Usdaw disappointed by Government failure to properly protect shop and bar workers selling alcohol

Date: 28 March 2014 Shopworkers trade union leader John Hannett is disappointed that the Government yesterday turned their backs on thousands of workers assaulted in the course of their duties every year.

Yesterday the Government blocked an amendment to the Criminal Justice and Courts Bill, promoted by Dan Jarvis MP, which would have introduced a specific offence of assaulting a worker selling alcohol, making such an assault an offence in its own right. The amendment was considered at the Bill’s House of Commons committee stage and was defeated by 10 votes to 5.

John Hannett – Usdaw General Secretary says: ‘We were very disappointed to see Tory and Liberal MPs combining to block Labour’s amendment to provide stiffer sentences for those who assault workers selling alcohol. There is a real need to address the scourge of violence against workers and I am concerned that the attackers are getting away with relatively lenient sentences. Parliament expects workers to enforce and police the laws they pass, but they have failed to provide the additional protection needed to help keep those workers safe.

‘Often, in the course of their duties, shop and bar workers are expected to take on a pseudo police officer role and enforce the law. Under the licensing laws they have to prevent under-age purchases and refuse sales to customers who have already had too much to drink. This can often lead to violence, threats and abuse against the worker. Our own survey revealed that more than 300 shopworkers a day are violently attacked whilst doing their job and many of those incidents involved the sale of alcohol.

‘Yesterday the Government offered only warm words and sympathy for workers who put themselves on the frontline every day, but that is not enough. Our members play an important role in helping to keep communities safe by enforcing licensing laws, so they deserve proper protection.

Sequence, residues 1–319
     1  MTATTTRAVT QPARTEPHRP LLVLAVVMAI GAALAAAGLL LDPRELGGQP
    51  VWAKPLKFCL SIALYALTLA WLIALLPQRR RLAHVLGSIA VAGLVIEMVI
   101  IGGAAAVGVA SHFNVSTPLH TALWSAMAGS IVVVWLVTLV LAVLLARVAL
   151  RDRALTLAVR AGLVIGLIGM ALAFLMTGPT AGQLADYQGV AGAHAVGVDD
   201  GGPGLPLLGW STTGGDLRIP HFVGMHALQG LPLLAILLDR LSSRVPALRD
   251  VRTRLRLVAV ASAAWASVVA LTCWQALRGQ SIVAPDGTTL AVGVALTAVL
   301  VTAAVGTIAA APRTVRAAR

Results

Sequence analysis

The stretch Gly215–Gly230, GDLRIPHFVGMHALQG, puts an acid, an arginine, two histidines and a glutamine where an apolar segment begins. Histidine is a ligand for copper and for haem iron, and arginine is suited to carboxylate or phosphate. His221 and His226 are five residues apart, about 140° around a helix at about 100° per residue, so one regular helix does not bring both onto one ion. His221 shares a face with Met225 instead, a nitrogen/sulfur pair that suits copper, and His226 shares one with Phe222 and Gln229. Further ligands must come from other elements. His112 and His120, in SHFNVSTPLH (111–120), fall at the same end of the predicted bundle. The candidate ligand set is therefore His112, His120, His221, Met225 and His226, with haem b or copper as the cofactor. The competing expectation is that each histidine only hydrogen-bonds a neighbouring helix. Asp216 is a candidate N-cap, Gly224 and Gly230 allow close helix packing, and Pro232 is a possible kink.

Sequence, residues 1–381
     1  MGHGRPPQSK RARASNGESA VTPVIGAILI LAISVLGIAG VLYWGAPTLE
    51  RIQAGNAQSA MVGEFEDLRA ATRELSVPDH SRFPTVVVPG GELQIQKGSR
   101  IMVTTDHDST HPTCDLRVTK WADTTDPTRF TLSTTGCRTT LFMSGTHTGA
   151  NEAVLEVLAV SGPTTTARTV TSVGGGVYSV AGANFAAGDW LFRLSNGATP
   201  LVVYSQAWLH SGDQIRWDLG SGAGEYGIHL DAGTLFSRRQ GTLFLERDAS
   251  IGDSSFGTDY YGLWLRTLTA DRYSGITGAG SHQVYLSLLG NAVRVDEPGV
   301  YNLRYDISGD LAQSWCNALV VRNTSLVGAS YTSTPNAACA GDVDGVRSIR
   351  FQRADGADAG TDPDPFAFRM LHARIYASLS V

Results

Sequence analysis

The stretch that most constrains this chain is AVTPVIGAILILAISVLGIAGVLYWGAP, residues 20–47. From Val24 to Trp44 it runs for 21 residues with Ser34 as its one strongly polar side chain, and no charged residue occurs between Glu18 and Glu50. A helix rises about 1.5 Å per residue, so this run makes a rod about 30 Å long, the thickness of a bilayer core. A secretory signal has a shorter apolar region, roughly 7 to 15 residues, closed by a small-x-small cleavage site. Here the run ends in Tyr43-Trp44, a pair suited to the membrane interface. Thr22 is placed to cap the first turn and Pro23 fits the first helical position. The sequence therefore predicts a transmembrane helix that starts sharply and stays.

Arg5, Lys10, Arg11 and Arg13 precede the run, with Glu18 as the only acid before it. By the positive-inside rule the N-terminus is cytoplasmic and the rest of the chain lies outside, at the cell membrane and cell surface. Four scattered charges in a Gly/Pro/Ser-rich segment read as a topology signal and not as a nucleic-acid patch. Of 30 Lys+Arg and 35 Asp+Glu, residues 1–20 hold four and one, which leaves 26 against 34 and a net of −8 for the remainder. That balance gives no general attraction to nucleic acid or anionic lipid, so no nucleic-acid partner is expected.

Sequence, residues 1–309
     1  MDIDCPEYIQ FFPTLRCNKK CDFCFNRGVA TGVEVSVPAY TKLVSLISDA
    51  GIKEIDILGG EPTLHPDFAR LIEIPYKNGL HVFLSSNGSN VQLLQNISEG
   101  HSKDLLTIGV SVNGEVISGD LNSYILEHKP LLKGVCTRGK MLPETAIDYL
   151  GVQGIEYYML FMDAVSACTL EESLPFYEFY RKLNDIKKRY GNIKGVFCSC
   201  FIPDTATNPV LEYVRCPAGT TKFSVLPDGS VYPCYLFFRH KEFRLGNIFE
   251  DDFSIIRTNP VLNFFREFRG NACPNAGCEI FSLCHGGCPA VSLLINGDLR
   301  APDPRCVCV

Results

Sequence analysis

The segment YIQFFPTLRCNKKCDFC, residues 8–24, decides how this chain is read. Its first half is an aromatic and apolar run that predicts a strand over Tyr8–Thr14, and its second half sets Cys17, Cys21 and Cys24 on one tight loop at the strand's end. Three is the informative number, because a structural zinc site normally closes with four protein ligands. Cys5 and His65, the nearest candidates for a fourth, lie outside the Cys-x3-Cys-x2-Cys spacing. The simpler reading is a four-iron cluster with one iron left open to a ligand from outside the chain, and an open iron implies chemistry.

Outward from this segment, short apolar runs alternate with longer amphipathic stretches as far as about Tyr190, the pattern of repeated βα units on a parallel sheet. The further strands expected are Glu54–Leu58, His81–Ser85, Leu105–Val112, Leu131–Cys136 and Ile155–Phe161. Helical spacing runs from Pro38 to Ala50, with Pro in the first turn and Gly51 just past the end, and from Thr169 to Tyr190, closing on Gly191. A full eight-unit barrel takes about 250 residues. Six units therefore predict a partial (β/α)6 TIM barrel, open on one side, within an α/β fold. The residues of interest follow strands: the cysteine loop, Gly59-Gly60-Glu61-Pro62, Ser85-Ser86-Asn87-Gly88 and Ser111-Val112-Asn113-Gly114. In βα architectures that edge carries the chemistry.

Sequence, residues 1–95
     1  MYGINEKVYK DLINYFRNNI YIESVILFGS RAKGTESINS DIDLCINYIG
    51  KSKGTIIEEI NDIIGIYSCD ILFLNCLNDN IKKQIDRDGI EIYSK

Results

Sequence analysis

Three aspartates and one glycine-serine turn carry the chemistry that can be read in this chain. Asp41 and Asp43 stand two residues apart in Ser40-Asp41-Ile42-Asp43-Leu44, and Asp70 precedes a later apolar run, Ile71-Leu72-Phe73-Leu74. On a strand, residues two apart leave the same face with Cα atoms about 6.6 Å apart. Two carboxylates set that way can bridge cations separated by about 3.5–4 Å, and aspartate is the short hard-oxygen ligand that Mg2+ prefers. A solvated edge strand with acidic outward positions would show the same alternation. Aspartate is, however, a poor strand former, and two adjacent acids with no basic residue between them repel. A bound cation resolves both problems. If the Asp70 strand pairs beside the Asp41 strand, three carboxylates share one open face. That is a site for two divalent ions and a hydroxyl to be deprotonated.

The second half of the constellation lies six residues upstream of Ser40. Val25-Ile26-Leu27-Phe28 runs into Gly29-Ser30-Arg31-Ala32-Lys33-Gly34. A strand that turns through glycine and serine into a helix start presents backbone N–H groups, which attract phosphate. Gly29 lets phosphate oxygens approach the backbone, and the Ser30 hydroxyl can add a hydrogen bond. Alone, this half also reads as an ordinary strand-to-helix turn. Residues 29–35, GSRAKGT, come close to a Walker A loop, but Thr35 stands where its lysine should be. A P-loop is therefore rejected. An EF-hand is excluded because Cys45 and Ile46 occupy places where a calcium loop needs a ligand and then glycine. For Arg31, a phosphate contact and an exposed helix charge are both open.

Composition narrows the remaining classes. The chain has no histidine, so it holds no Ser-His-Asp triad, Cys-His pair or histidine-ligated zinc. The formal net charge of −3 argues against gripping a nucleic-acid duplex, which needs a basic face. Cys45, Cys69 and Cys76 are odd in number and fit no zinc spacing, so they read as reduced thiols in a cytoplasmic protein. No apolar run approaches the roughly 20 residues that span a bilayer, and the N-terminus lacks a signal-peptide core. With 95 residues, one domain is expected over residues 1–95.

‘We will continue to campaign for a change in the law to ensure that proper punishments are given out and to give a clear message, that assaulting workers is totally unacceptable.’

Notes for editors:

Usdaw (Union of Shop, Distributive and Allied Workers) is the UK's fourth biggest and the fastest growing trade union with over 431,000 members. Membership has increased by more than 17% in the last five years and by nearly a third in the last decade. Most Usdaw members work in the retail sector, but the Union also has many members in transport, distribution, food manufacturing, chemicals and other trades.

Examples of lenient sentences given to assailants of workers selling alcohol

A landlord in Bolton refused to serve a young man who he knew to be under-age.  When he took his dogs out for a walk that night, the youth beat him up, kicking his face while he was on the ground, causing extensive cuts and bruising.  The police arrested him, but let him off the next day with a caution.

A shopworker in Quedgeley working at a till refused to serve a customer alcohol.  The customer swore and shouted at her and she called her manager for assistance.  The store manager agreed the customer was too drunk to serve and asked the customer to leave the shop.  He refused to leave.  Whilst staff were trying to escort him out of the shop he kicked and punched 3 members of staff.  He also spat in the face of the store manager.  The police were called and he was given a police caution.

At a Plymouth night club a doorman was hit with an empty champagne bottle by a customer wanting to be served more alcohol.  He was described to the Court as having gone “berserk” and striking the doorman with the empty bottle. Whilst the judge agreed that using a bottle, as a weapon passed the custodial threshold, the assailant was given a suspended sentence.

Amendment to the Criminal Justice and Courts Bill

New Clause 11 of the Criminal Justice and Courts Bill insert the following new Clause—

Assault on workers selling alcohol

(1)       A person who assaults a worker who is required to enforce the Licensing Act 2003—

in the course of that worker’s employment, or

by reason of that worker’s employment,

commits an offence.

(2)       No offence is committed—

under subsection (1)(a) unless the person who assaults knows, or ought to know, that the worker is acting in the course of the worker’s employment and is enforcing the 2003 Act;

under subsection (1)(b) unless the assault is motivated, in whole or in part, by malice towards the worker by reason of the worker’s employment and their enforcement of the 2003 Act.

(3)       In this section—

'worker selling alcohol' means a person whose employment involves them selling alcohol under the provisions of the Licensing Act 2003.

'employment' in this context means any paid or unpaid work whether under contract, apprenticeship, or otherwise.

(4)       Evidence from a single source is sufficient evidence to establish for the purpose of subsection (1) whether a person is a worker.

(5)       A person guilty of an offence under this Act is liable, on summary conviction, to imprisonment for a period not exceeding 6 months or to a fine not exceeding level 5 on the standard scale.

For Usdaw press releases visit: www.usdaw.org.uk/news and you can follow us on Twitter @UsdawUnion

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